Russian occupiers in Crimea want to stop the teaching of English in schools: "What do we need English for?"

·2 min read


The Russian occupation administration on the Crimean Peninsula wants to stop the teaching of English in general education schools, because, they say, there is no need for it.

Source: Russian state-owned news agency "TASS" with a comment by the so-called "Speaker of the State Council of Crimea" Vladimir Konstantinov

Quote from Konstantinov: "Languages are a controversial question for me, very ambiguous: why should we blindly follow the path of the English language?  Why teach something that is not needed if a person never goes to London?

Stupidly following another civilization is dangerous. We make (the children – UP) hostages – they will say that they know English, and wonder what England is like. Let's study our own languages, develop our own languages!

The English have been at war with us for thousands of years, and we continue to study them, spending money on teachers, wasting time – and then there is not enough time for history."

Details: Konstantinov did not specify whether he meant the study of the Crimean Tatar language by Crimean residents in educational institutions, as it is the language of the indigenous people of the peninsula.

In his comment, the head of the occupation administration also overlooked the fact that the Russians are forcing people in the occupied territories of Ukraine to "stupidly follow" Russian civilization.

Konstantinov did not study English at school himself, but claims that he learned it for two years in specialised courses, when, say, there was a need for it in order to do business.  According to him, such courses present everyone with a sufficient opportunity to learn a foreign language, and it seems that it is not worth learning "foreign" languages in schools.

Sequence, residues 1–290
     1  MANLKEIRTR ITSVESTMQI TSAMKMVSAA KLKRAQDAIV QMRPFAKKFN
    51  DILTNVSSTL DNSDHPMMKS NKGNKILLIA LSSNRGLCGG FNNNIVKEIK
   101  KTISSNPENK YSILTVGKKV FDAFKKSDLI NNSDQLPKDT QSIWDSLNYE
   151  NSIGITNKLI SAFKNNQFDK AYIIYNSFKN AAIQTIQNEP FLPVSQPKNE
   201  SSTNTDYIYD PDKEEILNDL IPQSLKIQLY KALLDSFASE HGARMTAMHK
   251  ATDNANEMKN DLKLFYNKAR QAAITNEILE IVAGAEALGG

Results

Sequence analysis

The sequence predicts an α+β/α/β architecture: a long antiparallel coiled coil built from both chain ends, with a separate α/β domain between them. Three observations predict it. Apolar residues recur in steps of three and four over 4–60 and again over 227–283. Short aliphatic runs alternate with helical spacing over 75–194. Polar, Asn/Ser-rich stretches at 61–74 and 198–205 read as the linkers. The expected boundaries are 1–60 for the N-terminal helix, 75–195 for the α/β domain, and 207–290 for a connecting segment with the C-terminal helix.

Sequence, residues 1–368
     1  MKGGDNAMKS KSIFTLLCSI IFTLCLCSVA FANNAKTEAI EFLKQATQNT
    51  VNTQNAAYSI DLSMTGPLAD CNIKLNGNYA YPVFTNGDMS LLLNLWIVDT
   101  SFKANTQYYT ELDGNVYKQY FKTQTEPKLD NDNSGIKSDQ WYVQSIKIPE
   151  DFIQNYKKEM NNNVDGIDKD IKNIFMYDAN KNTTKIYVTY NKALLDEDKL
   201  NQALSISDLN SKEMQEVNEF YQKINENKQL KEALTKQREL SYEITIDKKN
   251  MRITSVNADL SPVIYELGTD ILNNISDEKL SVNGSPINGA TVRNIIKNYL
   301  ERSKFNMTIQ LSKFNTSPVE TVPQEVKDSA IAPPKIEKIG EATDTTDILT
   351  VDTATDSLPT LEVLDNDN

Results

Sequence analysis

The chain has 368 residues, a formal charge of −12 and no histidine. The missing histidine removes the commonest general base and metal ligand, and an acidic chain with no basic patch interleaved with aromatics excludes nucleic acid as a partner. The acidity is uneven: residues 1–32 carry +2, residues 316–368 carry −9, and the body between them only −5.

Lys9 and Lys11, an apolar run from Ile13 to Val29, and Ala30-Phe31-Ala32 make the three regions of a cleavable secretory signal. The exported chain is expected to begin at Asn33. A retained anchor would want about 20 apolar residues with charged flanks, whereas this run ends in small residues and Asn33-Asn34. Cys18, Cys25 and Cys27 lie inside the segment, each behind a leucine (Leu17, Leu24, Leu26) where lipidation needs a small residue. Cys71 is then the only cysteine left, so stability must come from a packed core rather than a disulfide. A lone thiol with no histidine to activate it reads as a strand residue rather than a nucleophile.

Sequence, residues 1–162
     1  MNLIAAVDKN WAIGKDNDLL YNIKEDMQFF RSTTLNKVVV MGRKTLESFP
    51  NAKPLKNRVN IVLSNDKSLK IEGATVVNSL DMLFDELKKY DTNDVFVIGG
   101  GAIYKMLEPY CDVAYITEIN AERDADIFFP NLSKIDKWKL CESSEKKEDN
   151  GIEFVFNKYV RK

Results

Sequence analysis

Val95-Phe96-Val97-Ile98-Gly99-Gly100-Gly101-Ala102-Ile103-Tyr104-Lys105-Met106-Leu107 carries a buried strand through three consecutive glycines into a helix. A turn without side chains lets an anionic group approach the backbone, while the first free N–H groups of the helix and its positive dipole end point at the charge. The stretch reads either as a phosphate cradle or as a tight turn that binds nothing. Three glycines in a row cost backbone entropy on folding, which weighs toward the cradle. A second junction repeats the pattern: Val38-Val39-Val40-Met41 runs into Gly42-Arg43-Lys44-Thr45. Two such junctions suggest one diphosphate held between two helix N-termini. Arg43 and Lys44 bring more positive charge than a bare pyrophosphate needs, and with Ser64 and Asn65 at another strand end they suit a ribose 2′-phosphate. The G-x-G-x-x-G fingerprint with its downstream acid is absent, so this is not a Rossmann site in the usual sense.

For reference English is the language of international communication. It is used in diplomacy, business, humanitarian and cultural organisations. The United Nations, the International Committee of the Red Cross, the European Union, the Council of Europe, the OSCE and a number of international organisations have identified English as the official language for daily communication and record-keeping.

In addition to the United Kingdom of Great Britain and Northern Ireland, English has been identified as the state or official language of 59 countries around the world, including the United States, Canada and Australia.


  •   In an evening address on 24 May, President Volodymyr Zelenskyy said that Russia will have to withdraw from Crimea.

  •   NATO leaders believe that the Ukrainian army will be able to launch an offensive in Russian-occupied territories in late summer or early autumn, including in Crimea.